Let's start with two things. The first one is a relatively recently found rarity from Swedish archives - a drawing of ČKD/BMM V8H-Sv tank. The drawing and a letter was found by WoT enthusiasts in Swedish archives in 2014 (the original announcement and the drawing source is here). The drawing is from a message dated 8th September 1941. One of the reasons why this drawing was not known before may be that the Czech archives were partially destroyed by floods in 2002. Anyway it is an export modification of the V-8-H tank accepted into Czechoslovak service as ST vz.39 but never produced due to the cancelation of all orders after Münich 1938 (for the same reason negotiations about licence production in Britain failed). Also later attempt to sell the tank to Romania failed due to BMM being fully busy with Wehrmacht priority orders. The negotiations with Sweden about licence production of V8H-Sv lasted till 1942, at least in May 1942 Swedish commission was present in Prague for negotiations. The tank differed compared to the base ST vz.39 in thicker armor with different front hull shape (armor 60 mm @ 30° on the hull front and also 60 mm on the turret; all sides were 40 mm thick). The tank was heavier (20 tons) and had the LT vz.38 style suspension with probably even larger wheels. The engine was still the same Praga NR V8 (240-250 Hp per source). The armament was unchanged with 47 mm Škoda A11 gun and two vz.37 HMG. The commander's cupola was of the simple small rotating type similar to those used on AH-IV-Sv tankettes. It is known that the Swedes officially asked to arm the tank with 75 mm gun, replace the engine with Volvo V12 and adding third HMG to the back of the turret. In the end the Swedes decided to prefer their own Strv/m42.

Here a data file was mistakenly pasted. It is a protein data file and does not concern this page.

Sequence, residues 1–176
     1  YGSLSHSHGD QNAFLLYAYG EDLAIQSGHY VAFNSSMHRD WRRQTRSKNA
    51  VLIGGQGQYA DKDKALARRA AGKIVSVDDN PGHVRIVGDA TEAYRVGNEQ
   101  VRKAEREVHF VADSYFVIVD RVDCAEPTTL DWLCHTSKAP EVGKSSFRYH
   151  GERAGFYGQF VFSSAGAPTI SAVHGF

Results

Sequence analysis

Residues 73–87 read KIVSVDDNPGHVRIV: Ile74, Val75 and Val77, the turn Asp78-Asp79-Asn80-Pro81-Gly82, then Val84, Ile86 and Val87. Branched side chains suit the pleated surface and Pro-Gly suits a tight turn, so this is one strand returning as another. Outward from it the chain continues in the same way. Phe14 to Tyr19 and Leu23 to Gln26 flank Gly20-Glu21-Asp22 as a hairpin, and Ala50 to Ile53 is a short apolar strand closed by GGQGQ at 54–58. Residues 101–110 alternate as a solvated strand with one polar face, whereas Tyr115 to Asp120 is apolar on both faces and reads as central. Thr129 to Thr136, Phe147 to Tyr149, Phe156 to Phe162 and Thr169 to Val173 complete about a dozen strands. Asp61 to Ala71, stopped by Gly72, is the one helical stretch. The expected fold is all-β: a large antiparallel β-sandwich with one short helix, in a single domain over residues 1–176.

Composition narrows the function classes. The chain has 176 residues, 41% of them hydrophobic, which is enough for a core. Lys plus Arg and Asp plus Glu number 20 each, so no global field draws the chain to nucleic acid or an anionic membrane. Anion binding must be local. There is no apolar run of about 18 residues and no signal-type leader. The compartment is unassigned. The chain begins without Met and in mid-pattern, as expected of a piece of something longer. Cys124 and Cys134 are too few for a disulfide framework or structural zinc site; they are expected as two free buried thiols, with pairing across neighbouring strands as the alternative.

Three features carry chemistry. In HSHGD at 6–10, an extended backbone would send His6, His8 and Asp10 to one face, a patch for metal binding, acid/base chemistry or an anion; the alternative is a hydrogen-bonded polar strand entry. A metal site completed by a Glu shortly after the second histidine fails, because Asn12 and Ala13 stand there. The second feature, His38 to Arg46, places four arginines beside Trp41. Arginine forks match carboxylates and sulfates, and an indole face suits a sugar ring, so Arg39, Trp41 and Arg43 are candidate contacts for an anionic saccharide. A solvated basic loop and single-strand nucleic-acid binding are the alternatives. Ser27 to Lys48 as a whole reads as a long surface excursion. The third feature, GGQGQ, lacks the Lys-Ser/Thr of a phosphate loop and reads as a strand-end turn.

Source of the drawing
       
      The second is makeshift field modification found on Balkans. It appears Ustasha forces (and possibly some SS anti-partizan units) used several Italian M15/42 medium tanks with turrets from Pz.38(t). There are several photos of such hybrids but little more is known. On one photo it is possible to see Ustasha registration number U.O. 139.

      Few more photos of such hybrid.
       
      It appears that the source of all those photos to be found on the internet is this book, Armoured units of the Axis forces in southeastern Europe in WW2 by Dinko Predoevic. 
       
    • By SuperComrade
      I was recently looking at the Japanese wikipedia page for the Chi-Ha tank, and it had this section on the name of the tank:

       
       
      I have never heard of such nomenclature, and obviously I don't have access to such documents since I don't live in Japan. There is no reference for this part, so can anyone confirm that they actually did use "MTK" etc.?
×
×
  • Create New...